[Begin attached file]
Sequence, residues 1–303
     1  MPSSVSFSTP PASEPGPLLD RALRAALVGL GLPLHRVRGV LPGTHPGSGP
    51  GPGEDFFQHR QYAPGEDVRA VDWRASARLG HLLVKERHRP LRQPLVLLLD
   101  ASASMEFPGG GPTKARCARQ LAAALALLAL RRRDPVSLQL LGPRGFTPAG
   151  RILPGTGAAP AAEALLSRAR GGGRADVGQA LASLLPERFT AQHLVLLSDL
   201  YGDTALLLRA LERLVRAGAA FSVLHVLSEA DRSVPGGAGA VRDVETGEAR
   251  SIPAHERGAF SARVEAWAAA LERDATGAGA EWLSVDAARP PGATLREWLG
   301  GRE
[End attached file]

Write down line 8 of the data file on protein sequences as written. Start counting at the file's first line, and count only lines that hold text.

   301  GRE